Passing CyberSec First Responder Exam

Posted by in Security+ | 4 comments

I’m happy to say that I passed the CyberSec First Responder certification exam. Overall, it was an enjoyable experience – studying for it and learning some new things, taking the exam at a good testing center, and celebrating afterwards at IHOP.

Cybersec First Responder badge

One thing that I reaffirmed through the process is that it is a logical choice after the CompTIA Security+ exam to round out your resume. This is especially true if you’re seeking a hands-on role in cybersecurity or IT forensics and it will be what I recommend to anyone that asks me about CEH.

As with any certification exam, there is a non-disclosure agreement (NDA) and I don’t plan on violating the NDA. Still, there are some things I can share with you that you may find useful.

Taking the CyberSec First Responder Exam

First, the questions were all multiple choice or True/False questions. Many of the multiple choice required you to select two or three answers. A neat feature was that the exam had an internal check in it, helping me ensure I selected the correct number of answers.

Many of the “select three” answers were used instead of the NOT type of questions that CompTIA frequently uses. This will help many people avoid confusion.

As an example, consider this question.

Which of the following are colors (Select Three)?

  1. Blue
  2. Car
  3. Green
  4. Yellow

If you understand the content, this is often just a matter of figuring out which answer doesn’t fit with the others and not selecting it.

The same question could use the same answers, but reworded like this:

“Which of the following is NOT a color?”

One thing I was very grateful for was that the questions and content were never covered up. I could always see the full question and all the answers. In contrast, when I took the CompTIA Cybersecurity Analyst Beta Exam, it was often difficult to view the graphics, question, and instructions without moving things around. Typically, the question and instructions covered up the graphics and underlying hotspots making it tedious to just understand the questions.

How To Study for CyberSec First Responder

Here are a few methods you can use to prepare for this exam.

Attend a CyberSec First Responder Course

There are many training centers that teach the course. You can use the search feature toward the bottom of this page to find one near you. It’s labeled Find a CFR Class Near You.  Select the region (such as USA) and the Subregion (such as VA) and it’ll list training centers that you can click to get more information.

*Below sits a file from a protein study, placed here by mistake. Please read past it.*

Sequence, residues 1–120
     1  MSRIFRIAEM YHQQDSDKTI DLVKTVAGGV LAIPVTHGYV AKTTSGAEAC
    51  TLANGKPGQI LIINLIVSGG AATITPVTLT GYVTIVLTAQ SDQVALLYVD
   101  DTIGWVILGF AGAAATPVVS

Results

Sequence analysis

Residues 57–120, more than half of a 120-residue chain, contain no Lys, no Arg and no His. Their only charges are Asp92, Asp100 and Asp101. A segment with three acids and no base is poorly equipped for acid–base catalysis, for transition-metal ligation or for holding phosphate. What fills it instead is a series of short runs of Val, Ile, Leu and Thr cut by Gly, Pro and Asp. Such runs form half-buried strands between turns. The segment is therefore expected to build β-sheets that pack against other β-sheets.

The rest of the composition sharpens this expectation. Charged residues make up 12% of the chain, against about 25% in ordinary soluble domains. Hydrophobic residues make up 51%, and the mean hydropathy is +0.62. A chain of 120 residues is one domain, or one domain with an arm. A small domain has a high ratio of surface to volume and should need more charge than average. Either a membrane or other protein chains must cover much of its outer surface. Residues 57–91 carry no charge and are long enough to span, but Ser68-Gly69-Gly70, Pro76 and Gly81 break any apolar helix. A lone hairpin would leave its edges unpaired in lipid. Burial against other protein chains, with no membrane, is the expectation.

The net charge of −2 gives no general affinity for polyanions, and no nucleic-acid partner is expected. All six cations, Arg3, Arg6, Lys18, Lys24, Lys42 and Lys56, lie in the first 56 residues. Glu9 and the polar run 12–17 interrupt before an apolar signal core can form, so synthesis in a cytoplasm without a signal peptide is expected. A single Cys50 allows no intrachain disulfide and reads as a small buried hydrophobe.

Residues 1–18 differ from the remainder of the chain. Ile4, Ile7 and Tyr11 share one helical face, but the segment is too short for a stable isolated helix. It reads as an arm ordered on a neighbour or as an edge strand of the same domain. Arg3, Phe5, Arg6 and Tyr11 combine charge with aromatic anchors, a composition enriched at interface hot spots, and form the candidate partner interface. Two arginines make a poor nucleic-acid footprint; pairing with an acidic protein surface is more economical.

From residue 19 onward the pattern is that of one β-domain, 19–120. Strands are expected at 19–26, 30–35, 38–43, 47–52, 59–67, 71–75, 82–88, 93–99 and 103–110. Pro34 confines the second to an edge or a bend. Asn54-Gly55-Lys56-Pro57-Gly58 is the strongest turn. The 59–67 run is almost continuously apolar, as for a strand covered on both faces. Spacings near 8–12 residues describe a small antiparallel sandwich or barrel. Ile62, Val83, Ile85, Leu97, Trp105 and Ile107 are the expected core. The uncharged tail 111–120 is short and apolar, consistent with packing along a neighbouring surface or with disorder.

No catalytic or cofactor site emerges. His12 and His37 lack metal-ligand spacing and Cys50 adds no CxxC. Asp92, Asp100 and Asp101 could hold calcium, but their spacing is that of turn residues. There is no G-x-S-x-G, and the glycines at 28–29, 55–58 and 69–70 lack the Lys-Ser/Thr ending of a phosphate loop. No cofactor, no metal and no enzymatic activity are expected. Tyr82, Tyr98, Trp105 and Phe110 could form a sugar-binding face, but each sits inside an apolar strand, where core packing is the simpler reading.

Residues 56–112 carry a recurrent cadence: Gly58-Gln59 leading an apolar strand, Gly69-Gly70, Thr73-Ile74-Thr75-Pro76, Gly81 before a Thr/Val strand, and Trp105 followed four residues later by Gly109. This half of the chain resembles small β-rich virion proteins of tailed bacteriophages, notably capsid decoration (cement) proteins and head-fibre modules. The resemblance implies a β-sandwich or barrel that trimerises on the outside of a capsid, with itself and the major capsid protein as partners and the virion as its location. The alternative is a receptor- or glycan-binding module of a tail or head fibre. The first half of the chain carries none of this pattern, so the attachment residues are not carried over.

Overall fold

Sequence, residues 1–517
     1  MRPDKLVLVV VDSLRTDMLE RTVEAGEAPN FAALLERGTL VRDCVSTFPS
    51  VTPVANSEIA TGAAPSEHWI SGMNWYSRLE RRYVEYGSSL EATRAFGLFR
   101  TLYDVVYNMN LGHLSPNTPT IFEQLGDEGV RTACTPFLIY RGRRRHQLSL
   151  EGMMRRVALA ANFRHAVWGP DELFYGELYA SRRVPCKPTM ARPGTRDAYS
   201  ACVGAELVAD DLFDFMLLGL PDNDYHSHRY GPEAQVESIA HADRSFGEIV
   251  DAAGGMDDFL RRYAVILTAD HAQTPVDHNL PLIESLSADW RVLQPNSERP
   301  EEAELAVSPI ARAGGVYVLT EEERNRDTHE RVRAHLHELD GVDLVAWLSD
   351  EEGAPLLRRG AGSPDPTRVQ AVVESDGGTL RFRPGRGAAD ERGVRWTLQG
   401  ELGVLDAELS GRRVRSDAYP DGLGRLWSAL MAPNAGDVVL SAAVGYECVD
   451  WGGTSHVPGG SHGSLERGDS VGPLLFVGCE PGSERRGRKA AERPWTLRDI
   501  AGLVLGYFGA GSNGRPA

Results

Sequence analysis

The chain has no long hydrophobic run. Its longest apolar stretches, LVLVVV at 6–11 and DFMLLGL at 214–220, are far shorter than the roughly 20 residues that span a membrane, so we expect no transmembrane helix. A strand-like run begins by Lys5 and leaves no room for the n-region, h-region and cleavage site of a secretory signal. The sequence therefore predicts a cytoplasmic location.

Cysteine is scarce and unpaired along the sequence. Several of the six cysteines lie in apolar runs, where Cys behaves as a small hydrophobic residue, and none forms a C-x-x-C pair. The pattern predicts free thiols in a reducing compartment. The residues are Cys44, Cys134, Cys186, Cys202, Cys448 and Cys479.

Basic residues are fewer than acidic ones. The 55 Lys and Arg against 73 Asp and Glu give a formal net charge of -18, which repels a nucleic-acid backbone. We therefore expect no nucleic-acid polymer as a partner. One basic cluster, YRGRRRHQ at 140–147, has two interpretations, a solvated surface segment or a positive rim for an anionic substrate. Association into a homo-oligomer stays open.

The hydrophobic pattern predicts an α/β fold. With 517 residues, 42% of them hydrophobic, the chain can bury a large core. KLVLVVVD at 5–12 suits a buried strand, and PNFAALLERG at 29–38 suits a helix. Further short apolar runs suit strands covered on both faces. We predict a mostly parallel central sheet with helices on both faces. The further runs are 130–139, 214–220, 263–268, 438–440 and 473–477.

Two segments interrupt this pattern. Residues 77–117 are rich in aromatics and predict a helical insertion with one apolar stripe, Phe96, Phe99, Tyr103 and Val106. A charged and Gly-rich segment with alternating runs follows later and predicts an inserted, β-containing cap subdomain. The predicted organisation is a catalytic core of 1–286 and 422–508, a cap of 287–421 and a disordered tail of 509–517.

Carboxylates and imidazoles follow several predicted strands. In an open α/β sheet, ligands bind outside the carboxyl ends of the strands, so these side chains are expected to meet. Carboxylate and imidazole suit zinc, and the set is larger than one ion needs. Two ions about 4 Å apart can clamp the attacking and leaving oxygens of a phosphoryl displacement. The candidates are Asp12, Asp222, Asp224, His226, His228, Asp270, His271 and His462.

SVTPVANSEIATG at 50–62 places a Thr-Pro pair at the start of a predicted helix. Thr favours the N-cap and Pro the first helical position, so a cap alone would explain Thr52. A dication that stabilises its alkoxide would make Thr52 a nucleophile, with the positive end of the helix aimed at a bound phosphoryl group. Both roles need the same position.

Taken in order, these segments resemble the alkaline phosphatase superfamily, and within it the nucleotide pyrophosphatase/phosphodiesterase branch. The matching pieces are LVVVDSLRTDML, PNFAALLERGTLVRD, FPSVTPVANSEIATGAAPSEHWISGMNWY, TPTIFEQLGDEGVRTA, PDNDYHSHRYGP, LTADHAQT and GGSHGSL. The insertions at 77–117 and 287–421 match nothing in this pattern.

The course is typically taught in a five-day instructor-led format from 9 AM to 5 PM.

Some people love this format, and there was a time when I thrived in a classroom format like this. However, it’s not for me today, so I needed another method.

Self-Study with the CyberSec First Responder Course Book

You won’t find any resources for the CyberSec First Responder certification on Amazon. However, you can purchase the course book from Logical Operations here. They have several options such as:

Student: Digital Courseware

This includes the course book and other materials (such as a practice test) available online. I used this in my preparation. Unfortunately, minor eye surgery made it quite uncomfortable to look at a computer screen for more than five minutes while studying for this exam. Fortunately, I was able to print out the course book from the digital courseware – it was a little messy, but worth it.

Student: Print and Digital Courseware

This includes all of the digital courseware products and you also get a printed course book shipped to you. If you like a paper copy, the few extra dollars are worth it for this package (and definitely better than printing out the course book from the digital courseware.

Student: Print and Digital Courseware with the Lab Bundle

This includes the same resources as the Print and Digital Courseware product, but also with access to an online lab. I didn’t use this, but the course book referred to it often within chapter Activities. You could create your own lab, but a ready-made lab would save you a lot of time.

Woo Hoo! Study Guide Now Available

Logical Operations recently created a study guide that you can purchase directly from them here.  It’s only $99 in the US and it includes all the resources available in the Student: Digital Courseware product that I used, except for the eBook. (Don’t get this if you’re planning on minor eye surgery soon, though. You won’t be able to print it out.)

Self-Study with Your Own Lab 

Another option is to create your own lab. You can do this in two steps.

  1. Install Oracle VirtualBox on your system.
  2. Install an instance of Kali Linux as a virtual machine (VM).

While you can also install Kali on a bootable USB, it’s valuable to have it as a VM within your primary computer when studying.